How to Gain More Market Share
Original post by Matthew Schieltz of Demand Media
Before you compete for more market share, you must consider your motives, as gains in market share may not translate into additional profits. Market share can, however, position your company as a market leader, increase your bargaining power and improve your perceived reputation among customers. To achieve success, creativity and risk-taking are essential. You need to evaluate where your company -- its products and services -- currently stand in relation to competitors. Then you must act to implement strategies to acquire more market share. Any number of strategies can lead to market-share gains.
Assess your existing and potential customers. To gain more share of customers, you first need to understand your customers in terms of who they are, the types of products they buy and from whom they make their purchases. Also, take the time to identify consumers' wants and needs and their typical budgets. This may involve administering surveys, cold calling or even direct mail. Identify potential customer groups by reading market reports, industry journals and demographic surveys.
Innovate with new products or services. Product innovation creates excitement and "buzz" in the marketplace, which in turn generates interest among consumers and increases your competitive advantage and popularity. Look for examples of innovative companies in market segments different from your own to understand how product innovation can fuel success. After evaluating consumer data regarding what customers need and want, brainstorm the types of products and services that may fill a void and outpace your competitors in the process.
Identify the distribution channels through which you currently sell goods and services. Evaluate these against current distribution channels. For example, perhaps a large segment of consumers in your market buy online and your products are only available in stores. Make plans to increase distribution methods, such as adding online purchasing systems, selling directly to consumers or increasing the number of retail stores that sell your products.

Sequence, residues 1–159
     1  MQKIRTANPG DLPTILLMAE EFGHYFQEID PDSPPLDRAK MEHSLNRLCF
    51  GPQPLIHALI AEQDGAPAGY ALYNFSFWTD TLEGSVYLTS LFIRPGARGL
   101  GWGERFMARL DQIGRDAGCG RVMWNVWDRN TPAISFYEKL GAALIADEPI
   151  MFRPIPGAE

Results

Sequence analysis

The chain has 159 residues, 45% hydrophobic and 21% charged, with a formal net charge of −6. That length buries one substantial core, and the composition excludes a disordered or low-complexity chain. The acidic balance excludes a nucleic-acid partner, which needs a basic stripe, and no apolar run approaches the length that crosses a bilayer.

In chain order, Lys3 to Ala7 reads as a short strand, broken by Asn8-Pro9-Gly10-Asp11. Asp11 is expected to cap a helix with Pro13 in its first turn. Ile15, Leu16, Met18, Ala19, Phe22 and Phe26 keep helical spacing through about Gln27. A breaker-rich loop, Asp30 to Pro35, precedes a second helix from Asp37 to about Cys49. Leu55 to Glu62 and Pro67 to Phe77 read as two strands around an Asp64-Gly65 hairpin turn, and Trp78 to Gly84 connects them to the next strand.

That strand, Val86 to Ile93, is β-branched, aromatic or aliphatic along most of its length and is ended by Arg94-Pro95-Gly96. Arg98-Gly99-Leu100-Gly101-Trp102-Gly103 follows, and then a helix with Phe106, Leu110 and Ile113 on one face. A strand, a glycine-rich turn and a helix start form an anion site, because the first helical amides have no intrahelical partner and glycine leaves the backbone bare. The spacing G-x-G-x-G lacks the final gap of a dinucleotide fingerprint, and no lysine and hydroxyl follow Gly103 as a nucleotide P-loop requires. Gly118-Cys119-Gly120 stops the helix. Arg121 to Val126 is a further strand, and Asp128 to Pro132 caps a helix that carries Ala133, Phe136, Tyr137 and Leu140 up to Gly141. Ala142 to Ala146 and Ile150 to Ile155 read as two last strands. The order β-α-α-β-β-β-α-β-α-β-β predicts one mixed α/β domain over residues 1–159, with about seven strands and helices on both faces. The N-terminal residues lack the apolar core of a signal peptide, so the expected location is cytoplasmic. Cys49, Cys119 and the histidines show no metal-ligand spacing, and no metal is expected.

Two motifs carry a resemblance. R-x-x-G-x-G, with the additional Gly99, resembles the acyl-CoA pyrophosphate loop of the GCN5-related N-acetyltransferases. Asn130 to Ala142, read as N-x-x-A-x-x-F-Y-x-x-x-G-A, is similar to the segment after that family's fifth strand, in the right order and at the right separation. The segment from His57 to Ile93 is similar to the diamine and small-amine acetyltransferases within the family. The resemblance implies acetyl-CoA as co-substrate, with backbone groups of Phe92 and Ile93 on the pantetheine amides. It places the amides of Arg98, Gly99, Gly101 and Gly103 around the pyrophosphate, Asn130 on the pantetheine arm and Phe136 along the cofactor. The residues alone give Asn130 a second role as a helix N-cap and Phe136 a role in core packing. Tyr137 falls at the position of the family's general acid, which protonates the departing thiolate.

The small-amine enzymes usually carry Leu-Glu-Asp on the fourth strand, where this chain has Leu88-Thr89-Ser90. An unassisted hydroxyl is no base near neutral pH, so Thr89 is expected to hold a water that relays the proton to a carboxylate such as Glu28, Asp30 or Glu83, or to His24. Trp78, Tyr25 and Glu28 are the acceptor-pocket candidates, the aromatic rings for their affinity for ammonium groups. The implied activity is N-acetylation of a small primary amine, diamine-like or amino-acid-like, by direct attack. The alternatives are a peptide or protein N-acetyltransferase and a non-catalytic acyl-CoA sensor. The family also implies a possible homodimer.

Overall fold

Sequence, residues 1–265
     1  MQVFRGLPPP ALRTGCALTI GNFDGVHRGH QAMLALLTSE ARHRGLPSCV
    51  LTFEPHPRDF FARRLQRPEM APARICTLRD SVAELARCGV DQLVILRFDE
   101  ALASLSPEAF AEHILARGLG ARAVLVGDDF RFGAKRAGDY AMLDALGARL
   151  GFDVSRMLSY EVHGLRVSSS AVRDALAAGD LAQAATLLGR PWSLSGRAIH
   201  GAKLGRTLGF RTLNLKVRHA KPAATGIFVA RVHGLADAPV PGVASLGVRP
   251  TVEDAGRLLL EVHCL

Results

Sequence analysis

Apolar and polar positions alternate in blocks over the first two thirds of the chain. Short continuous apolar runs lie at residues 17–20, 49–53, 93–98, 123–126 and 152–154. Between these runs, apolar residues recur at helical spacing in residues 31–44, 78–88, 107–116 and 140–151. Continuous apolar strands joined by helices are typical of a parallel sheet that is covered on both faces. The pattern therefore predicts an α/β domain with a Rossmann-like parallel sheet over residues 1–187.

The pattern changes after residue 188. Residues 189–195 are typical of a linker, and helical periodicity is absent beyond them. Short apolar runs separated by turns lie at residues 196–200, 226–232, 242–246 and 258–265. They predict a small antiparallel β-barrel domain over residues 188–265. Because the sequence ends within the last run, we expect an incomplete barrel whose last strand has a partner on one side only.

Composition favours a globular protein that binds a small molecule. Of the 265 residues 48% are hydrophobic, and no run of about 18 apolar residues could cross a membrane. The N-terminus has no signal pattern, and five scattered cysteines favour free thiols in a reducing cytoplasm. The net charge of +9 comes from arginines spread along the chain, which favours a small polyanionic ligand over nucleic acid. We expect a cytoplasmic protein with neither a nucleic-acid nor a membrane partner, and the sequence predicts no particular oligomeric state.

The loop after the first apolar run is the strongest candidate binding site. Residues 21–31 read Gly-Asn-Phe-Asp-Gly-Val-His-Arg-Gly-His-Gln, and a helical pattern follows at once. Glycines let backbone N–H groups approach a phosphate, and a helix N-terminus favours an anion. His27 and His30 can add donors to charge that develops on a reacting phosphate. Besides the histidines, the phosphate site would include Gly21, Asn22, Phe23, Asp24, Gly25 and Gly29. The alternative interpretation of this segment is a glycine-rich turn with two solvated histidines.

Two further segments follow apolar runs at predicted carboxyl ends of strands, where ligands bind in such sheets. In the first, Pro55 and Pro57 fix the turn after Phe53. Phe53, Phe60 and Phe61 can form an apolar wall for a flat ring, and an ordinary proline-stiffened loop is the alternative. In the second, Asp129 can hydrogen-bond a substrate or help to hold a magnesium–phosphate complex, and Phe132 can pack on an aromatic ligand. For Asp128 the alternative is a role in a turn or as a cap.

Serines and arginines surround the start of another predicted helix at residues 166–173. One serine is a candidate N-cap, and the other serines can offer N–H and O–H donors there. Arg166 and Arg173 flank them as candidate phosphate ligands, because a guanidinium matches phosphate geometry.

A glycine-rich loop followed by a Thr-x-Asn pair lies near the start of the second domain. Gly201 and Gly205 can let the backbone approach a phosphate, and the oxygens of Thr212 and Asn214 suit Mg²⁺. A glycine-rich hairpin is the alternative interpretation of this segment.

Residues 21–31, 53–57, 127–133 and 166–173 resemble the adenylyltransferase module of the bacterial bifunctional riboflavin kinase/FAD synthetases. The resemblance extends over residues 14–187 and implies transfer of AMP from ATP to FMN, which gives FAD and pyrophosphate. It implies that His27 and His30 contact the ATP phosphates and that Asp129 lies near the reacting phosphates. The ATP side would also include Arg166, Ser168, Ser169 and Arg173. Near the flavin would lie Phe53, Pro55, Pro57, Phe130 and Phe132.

Lower your prices. According to Steven Schnaars, author of "Marketing Strategy: Customers and Competition," lowering prices is one of the most common ways to gain market share. To offer lower prices, find ways to cut production costs and other expenses, and pass the savings along to consumers. By offering low prices, you position your company as a low-cost alternative to other competitors. This strategy also supports consumers in all types of economies, including during a recession.
Increase promotional and marketing activities. Mounting advertising campaigns, such as television, radio or Internet advertising, requires upfront capital and essentially involves buying up more advertising than your competition in an attempt to become known, popular and/or recognized. In some cases, you may be able to find markets that your competitors have neglected or have yet to discover. You can increase your advertising in these areas, which may lead to market-share gains.
Improve product and service quality. Product quality, from the customer's viewpoint, refers to the degree to which a product satisfies preferences and expectations. It can include virtually any aspect of the product (e.g., design, characteristics and features) that makes it more reliable or desirable to consumers. According to a 1999 article by Hellofs and Jacobson in "The Journal of Marketing," increasing product quality can lead to market-share gains. In turn, according to the authors of the article, market-share gains can influence consumers' perception of your product and increase demand for it.
- Murray State University; Strategies for New and Growing Markets; Dr. Glynn Mangold
- Quick MBA: Market Share
- "Marketing Strategy: Customers and Competition"; Chapter 10: Market-Share Strategies; Steven Schnaars; November 1997
- "The Journal of Marketing"; Market Share and Customers' Perceptions of Quality: When Can Firms Grow Their Way to Higher Versus Lower Quality?; Linda Hellofs et al.; January 1999
- Harvard Business School Working Knowledge; Marketing Your Way Through a Recession; John Quelch; March 2008
- San Diego State University ROHAN Academic Computing; Linking Marketing and Corporate Strategies; Rick English
- Business Link: Assess Your Customer Base
- Business Link: Use Other Channels to Market
About the Author
Matthew Schieltz has been a freelance web writer since August 2006, and has experience writing a variety of informational articles, how-to guides, website and e-book content for organizations such as Demand Studios. Schieltz holds a Bachelor of Arts in psychology from Wright State University in Dayton, Ohio. He plans to pursue graduate school in clinical psychology.
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